Making Strategic Decisions for your Law Firm’s Future — the 3-Box Solution

Topics: COO/CFO Forum, Corporate Legal, Law Firms, Leadership, Legal Innovation, Thomson Reuters


Balancing the demands of managing the day-to-day operations of a law firm while planning, creating and investing in the type of innovation a firm will need to survive and thrive in the future is probably one of the most daunting tasks law firm leaders face.

Now, one industry thinker is offering what he calls a “3-Box Solution”. Dr. Vijay Govindarajan, the Coxe Distinguished Professor of Management at Dartmouth College’s Tuck School of Business, recently published his new book, The Three-Box Solution: A Strategy for Leading Innovation.


Last October, in a keynote speech at the 14th Annual Law Firm COO & CFO Forum, Dr. Govindarajan (or VG as he is widely known), outlined his strategy, describing how law firms could both manage for today while innovating for tomorrow.

VG began by describing these three boxes and their purposes:

  • Box 1 — Managing the Present
  • Box 2 — Selectively Forgetting the Past
  • Box 3 — Creating the Future

Box 1 represents your “competition for the present”, VG said, and in that box you should store all that you are doing today. “What should be put into Box 1 is efficiency projects that focus on closing the performance gap between your firm and others,” he explained. “These projects are in response to clear signals and linear changes within your industry.”

Prof. Vijay Govindarajan

Prof. Vijay Govindarajan

In Box 2, you should place activities or strategies that purposefully force the firm out of its comfort zone and its attachment to established ways of doing things, even if those ways are currently working. It is only through Box 2 that you will be able to open up the firm to real innovative thinking of the kind it will need to survive in the future, VG explained.

And in Box 3 you should be placing projects that focus on the competition for the future — one that is seen in the earliest ripples of innovation — and should include projects or strategies that focus on closing the “possibility gap”. These projects are in response to early, faint signals and non-linear changes, and in fact represent the need for exponential or breakout change. “For example, the Internet itself is a non-linear change,” VG offered.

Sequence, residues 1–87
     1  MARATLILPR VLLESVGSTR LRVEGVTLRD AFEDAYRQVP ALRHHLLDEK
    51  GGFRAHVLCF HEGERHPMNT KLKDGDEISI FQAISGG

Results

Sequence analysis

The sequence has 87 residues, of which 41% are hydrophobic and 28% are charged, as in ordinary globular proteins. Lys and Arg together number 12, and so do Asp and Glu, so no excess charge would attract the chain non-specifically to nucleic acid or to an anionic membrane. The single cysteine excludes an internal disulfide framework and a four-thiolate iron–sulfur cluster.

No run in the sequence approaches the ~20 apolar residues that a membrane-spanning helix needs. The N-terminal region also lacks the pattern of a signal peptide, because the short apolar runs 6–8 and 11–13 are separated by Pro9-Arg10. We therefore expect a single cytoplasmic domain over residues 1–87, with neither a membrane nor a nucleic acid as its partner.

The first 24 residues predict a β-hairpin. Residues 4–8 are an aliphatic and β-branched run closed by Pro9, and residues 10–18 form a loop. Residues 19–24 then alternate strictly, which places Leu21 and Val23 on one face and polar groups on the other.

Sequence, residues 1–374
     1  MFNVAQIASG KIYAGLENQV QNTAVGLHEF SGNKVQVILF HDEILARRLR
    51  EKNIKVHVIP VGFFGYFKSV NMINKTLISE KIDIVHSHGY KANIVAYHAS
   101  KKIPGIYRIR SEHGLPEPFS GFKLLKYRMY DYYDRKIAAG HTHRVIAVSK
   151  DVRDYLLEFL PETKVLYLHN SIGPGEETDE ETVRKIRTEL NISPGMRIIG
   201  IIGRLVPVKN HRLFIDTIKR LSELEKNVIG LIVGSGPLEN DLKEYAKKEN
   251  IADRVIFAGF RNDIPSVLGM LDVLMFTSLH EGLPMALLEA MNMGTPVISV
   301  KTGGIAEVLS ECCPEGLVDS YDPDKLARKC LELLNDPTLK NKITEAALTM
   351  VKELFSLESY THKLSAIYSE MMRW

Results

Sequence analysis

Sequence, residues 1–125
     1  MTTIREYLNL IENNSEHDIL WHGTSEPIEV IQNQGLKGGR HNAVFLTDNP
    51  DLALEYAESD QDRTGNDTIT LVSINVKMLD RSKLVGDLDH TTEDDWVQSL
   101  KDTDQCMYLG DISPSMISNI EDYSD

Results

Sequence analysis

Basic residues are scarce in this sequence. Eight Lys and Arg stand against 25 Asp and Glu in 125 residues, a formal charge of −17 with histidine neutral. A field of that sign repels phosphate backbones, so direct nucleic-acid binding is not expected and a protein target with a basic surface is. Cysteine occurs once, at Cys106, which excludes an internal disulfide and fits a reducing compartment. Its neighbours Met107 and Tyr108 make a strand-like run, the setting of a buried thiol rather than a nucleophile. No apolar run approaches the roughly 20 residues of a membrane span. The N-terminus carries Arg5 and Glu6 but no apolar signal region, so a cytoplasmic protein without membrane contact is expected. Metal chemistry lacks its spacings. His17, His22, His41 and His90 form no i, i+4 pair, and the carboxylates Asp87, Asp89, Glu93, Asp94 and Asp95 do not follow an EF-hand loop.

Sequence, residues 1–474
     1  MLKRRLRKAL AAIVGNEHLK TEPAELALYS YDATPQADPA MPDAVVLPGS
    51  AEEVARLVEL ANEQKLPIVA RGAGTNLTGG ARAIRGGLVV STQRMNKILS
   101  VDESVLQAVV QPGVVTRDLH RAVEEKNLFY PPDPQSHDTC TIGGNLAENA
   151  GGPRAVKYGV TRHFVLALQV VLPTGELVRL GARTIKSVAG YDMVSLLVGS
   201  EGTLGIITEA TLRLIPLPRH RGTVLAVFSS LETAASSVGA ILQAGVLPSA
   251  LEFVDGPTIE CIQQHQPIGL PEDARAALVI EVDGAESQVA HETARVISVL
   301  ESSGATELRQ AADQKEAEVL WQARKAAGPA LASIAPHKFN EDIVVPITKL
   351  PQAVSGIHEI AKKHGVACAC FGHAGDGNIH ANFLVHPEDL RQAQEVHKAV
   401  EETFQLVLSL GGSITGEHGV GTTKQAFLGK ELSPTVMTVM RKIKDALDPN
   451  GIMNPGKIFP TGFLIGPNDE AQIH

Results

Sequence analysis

Indeed, he continued, both Boxes 2 & 3 represent your future-looking strategy, and to get to Box 3 — which would describe how you would operate 10 years from now — you must address Box 2 today.


“The strategic question becomes, What do you create for your firm to perform in 2025, when you have to manage for the year 2015?” he asked, adding that part of the answer is to have projects targeted for 2025 already in Box 1 and to be willing to use Box 2 to break from the usual way of doing things. “Of course, common sense is rarely common practice”, VG said, and many conflicts naturally emerge between these boxes.

Overall, he explained, the key to success in the market of the future is to turn non-consumers into consumers, and thus, Box 3 is about creating the market that will allow you to do so.

He offered for example a situation in rural India where there was a demonstrable need for electrocardiogram machines (EKG or ECG) for heart patients, but the machine that General Electric (GE) was marketing cost $20,000 and weighed 500 lbs. It also ran on electrical current and produced EKG readings at a cost to the patient of $200 each. Each one of these factors alone made the use of these EKG machines a non-starter in the more remote areas of the globe. Then GE invented a light-weight battery-powered EKG machine that cost about $100 to manufacture, and produced EKG readings at 10-cents each.

So, while the market for the $20,000 machine still existed, now GE had a created a new market for the $100 machine, which soon flourished in more rural parts of the world.

“Firms and companies need to ask themselves, What projects are you doing today that will make you a leader in 2025?” VG suggested, adding that while many firms are still doing best-practices benchmarking, that is not a truly viable strategy for the future. “Strategy is about creating ‘next practices’ not about making small changes against the benchmark.”

So much of the future is unknown that firms need no more than a single sheet of paper to outline their future strategy, he said, and noted several questions firms and companies should be asking themselves in order to create a “strategy architecture” to better outline their future path. These questions included:

  1. What are the non-linear shifts in our industry?
  2. What is our strategic intent — That is, what is it that we want in the future? What is our end-point? (The beginning of every journey should have the end in sight, VG noted, adding that any strategic intent should encompass three criteria: direction, motivation and challenge.)
  3. What are our current core competencies?
  4. What are our annual priorities? This is listed in three horizons — core business, with 65% of resources devoted to this; the businesses in the adjacent spaces, or that allow for geographic or niche expansion, with 25% of resources; and those businesses in an entirely new space, or step-out projects, with 10%.
  5. How can we identify and develop new core competencies?

VG acknowledged that the demands of day-to-day operations of a law firm can keep even the forward-thinking leader too busy to focus on much else. However, the need to plan, create and invest in the kind of innovation your firm will need one or two decades from now is not a luxury that can be put off. You should be thinking now about how to manage your firm 10 years from now, he advised. “The key is not to predict the future, but to imagine the future.”